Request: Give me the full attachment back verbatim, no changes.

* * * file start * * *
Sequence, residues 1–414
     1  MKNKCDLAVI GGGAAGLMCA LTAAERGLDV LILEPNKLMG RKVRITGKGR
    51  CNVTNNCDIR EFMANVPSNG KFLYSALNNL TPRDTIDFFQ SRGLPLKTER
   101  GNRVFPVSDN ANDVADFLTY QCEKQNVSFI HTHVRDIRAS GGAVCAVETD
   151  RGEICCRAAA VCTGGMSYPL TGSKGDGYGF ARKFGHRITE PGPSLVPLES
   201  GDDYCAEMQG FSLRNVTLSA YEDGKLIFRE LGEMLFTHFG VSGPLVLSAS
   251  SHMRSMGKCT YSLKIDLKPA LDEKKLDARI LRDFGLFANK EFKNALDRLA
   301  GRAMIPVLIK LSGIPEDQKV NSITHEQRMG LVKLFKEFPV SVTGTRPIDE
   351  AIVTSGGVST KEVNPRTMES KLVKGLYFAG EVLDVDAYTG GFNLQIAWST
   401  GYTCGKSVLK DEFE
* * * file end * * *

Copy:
Sequence, residues 1–414
     1  MKNKCDLAVI GGGAAGLMCA LTAAERGLDV LILEPNKLMG RKVRITGKGR
    51  CNVTNNCDIR EFMANVPSNG KFLYSALNNL TPRDTIDFFQ SRGLPLKTER
   101  GNRVFPVSDN ANDVADFLTY QCEKQNVSFI HTHVRDIRAS GGAVCAVETD
   151  RGEICCRAAA VCTGGMSYPL TGSKGDGYGF ARKFGHRITE PGPSLVPLES
   201  GDDYCAEMQG FSLRNVTLSA YEDGKLIFRE LGEMLFTHFG VSGPLVLSAS
   251  SHMRSMGKCT YSLKIDLKPA LDEKKLDARI LRDFGLFANK EFKNALDRLA
   301  GRAMIPVLIK LSGIPEDQKV NSITHEQRMG LVKLFKEFPV SVTGTRPIDE
   351  AIVTSGGVST KEVNPRTMES KLVKGLYFAG EVLDVDAYTG GFNLQIAWST
   401  GYTCGKSVLK DEFE